We grant operating rights to service users, not users who have many cryptocurrency or mining rights. Then, service users and “miners” who had been separated become the same users. In addition, we strengthened stability by using “stable coins” linked to fiat currency rather than existing cryptocurrencies. When users issue coins to pay for system fees, they deposit funds in a financial institution in advance and get a payment guarantee with coins of the same value.

Based on InfraBlockchain, we completed the prototype of the vaccination certification app in December and went to the KDCA to demonstrate it. As we discussed vaccination certification business with four to five countries earlier, we thought there should be a demand for this. We told the KDCA that a digital vaccination certificate would be a must in the future and that we could develop our algorithm to implement the blockchain system the government wanted. We didn’t get an immediate response at the time, but a few months later, the KDCA contacted us for cooperation.

Q: The government launched COOV, the official electronic vaccination verification app, recently. Then, can we use it as a vaccine passport at an airport now?

A: I should take caution to speak about its role as a “vaccine passport.” For the vaccination certificate to function as a passport, countries need policy agreements in advance. Unlike Korea, not many countries have established vaccination databases systematically.

This kind of issue should be handled with policy. But I thought completing the technology preparation and discussing its possibility was essentially different from saying vague hopes without any preparation. That’s why we focused on preparing the technology.

Q: When the government signaled the introduction of the COOV app, some people worried about personal information leakage or the government’s excessive monitoring of users. Some even said KDCA data could be leaked when they were moved through blockchain or QR codes. Can you comment on this?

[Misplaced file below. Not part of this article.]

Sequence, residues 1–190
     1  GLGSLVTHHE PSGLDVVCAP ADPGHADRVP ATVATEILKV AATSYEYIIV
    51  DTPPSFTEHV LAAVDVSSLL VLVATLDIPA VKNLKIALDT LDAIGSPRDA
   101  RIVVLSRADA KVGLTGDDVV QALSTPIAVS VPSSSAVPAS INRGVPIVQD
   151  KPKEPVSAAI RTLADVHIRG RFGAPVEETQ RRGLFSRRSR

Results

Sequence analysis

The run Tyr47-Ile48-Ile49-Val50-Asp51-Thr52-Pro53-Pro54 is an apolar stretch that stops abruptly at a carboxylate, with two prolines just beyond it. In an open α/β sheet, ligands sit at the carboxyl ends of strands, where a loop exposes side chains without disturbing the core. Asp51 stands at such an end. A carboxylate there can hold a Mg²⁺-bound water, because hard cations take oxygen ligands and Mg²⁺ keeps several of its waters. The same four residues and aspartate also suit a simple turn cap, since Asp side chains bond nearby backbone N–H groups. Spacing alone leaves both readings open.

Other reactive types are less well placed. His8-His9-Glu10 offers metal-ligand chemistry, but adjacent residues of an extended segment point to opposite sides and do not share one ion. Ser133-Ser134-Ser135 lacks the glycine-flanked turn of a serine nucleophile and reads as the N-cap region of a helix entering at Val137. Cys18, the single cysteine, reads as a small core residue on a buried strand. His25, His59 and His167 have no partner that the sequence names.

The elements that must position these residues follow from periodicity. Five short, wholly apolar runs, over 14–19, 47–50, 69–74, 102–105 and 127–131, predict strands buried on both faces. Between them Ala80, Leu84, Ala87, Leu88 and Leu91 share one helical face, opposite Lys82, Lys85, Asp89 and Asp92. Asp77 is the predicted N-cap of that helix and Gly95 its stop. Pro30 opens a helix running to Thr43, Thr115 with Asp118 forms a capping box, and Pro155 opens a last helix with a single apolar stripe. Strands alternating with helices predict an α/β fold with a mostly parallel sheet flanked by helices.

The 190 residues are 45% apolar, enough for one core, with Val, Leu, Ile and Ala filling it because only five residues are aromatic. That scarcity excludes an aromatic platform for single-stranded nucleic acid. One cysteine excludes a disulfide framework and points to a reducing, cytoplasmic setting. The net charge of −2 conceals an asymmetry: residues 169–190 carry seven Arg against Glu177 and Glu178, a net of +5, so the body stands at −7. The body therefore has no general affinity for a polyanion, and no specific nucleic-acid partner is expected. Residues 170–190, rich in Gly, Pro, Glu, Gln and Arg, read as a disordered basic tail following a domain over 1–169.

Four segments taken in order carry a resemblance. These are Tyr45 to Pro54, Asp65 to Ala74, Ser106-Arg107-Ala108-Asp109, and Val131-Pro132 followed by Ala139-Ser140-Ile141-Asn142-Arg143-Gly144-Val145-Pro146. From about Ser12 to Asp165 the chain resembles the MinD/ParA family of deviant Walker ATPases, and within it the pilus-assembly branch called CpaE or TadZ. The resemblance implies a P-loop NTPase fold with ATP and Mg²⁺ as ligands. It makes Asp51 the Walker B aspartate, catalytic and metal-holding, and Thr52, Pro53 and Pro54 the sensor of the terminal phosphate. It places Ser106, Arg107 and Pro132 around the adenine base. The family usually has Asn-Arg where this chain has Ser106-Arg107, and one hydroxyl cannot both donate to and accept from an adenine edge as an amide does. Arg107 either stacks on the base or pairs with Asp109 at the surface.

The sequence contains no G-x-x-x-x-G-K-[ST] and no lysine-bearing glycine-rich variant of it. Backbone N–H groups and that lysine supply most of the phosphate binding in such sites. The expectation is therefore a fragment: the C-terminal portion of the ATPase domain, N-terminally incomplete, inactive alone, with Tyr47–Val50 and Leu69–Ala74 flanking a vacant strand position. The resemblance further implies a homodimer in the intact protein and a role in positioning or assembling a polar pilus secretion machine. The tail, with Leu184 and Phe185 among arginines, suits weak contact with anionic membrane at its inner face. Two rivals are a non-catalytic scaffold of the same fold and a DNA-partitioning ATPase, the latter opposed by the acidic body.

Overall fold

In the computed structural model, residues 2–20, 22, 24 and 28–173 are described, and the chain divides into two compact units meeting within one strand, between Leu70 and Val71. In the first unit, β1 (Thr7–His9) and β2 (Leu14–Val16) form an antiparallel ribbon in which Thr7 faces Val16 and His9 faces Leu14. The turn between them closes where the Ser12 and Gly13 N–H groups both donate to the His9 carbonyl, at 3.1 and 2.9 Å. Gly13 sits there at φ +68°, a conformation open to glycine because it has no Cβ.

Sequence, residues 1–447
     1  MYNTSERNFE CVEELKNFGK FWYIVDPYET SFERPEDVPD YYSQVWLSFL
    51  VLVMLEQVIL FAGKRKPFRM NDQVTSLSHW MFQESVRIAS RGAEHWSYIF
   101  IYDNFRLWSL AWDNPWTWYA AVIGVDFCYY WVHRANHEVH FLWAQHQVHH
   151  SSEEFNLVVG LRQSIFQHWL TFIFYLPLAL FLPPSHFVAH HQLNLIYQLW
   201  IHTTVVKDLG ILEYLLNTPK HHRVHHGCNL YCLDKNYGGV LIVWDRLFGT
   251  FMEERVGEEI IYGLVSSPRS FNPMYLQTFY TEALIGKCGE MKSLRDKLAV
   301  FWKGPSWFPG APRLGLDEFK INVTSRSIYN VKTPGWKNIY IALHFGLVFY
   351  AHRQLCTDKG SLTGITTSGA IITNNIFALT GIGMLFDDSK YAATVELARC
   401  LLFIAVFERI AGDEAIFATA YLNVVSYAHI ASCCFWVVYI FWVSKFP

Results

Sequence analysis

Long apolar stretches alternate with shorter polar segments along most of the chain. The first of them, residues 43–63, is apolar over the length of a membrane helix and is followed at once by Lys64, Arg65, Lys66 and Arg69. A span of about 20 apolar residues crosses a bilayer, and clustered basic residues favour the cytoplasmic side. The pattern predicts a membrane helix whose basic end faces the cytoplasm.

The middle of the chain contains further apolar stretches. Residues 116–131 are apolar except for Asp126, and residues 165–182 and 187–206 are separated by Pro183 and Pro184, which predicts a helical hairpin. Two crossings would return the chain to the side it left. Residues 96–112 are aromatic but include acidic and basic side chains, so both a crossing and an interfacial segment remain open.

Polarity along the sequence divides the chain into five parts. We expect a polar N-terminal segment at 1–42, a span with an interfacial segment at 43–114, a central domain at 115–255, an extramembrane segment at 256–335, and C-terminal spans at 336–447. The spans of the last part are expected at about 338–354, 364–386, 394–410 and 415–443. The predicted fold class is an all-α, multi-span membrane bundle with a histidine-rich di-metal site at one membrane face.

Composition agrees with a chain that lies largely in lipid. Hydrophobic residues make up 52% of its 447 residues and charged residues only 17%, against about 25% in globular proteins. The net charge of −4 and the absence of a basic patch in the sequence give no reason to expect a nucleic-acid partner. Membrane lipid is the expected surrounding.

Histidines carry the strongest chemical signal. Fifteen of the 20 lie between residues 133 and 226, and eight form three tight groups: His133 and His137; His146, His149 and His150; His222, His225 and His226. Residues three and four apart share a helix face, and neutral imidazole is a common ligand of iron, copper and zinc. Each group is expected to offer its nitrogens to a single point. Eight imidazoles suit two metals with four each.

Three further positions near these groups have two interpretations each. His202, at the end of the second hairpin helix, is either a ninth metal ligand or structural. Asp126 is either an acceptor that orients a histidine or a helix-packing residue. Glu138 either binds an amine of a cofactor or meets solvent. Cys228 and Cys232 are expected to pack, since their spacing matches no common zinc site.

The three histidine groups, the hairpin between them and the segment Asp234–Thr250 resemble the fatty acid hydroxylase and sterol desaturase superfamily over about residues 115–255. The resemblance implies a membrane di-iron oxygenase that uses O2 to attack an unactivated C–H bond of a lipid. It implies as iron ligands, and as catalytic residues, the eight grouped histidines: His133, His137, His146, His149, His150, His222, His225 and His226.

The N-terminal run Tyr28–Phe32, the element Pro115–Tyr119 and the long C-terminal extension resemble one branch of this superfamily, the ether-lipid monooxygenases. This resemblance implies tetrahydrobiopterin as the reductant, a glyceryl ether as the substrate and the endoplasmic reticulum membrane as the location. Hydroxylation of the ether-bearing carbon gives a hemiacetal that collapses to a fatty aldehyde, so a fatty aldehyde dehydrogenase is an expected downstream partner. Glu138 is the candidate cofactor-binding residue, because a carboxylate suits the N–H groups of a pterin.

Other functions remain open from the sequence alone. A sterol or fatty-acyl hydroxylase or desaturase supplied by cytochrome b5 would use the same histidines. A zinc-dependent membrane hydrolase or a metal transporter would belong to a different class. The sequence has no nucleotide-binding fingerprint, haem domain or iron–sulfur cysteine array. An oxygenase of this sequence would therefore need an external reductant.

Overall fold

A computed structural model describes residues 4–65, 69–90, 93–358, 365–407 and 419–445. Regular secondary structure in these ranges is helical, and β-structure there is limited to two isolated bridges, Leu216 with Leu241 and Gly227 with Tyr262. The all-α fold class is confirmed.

A: People introduced blockchain technology to address such concerns. In conventional methods, we need to get data from the KDCA, request the original proof, and hand over the information on who will use this data when, where, and why. Like “Big Brother,” state surveillance on individuals could be possible in these methods.

However, using blockchain, it is possible to prove the original certification without sending all the data to the center. The blockchain contains data demonstrating that this certificate is the original, untampered. Other than the party to whom the vaccination certificate is exchanged, a third party can neither break the blockchain nor interpret this data. The same goes for the QR code. As it becomes more common to leave access records with QR codes, many people seem to associate QR codes with “tracking.” The QR code used by COOV is like a secret passage through which data flows. The QR code does not contain personal data.

Q: Do you think that blockchain technology can solve the risk of data gathering in one place?

A: Yes. But, the notion of “keeping my data and managing it myself” has not spread much in our society. Institutions and companies have also easily obtained user data through various free services. But now, in areas where data centralization was taken for granted, such as “machine learning,” people are studying data distribution technology like “federated learning.”

With the passage of three data privacy laws in Korea last year, the general public was exposed to concepts such as “my data business” and “self-sovereign identity.” People will have a greater desire to own their data and manage it directly.

Companies and institutions, which used to earn data use consent with a simple click, will have to think about the situation where users ask these questions seriously – “Why should I hand over my data for the benefit of others” or “How can I trust that it is safe to hand over my data.” When our society tries to find a way to face a massive social change, blockchain technology will be the answer.

(Excerpt) Read more Here | 2021-05-21 18:28:16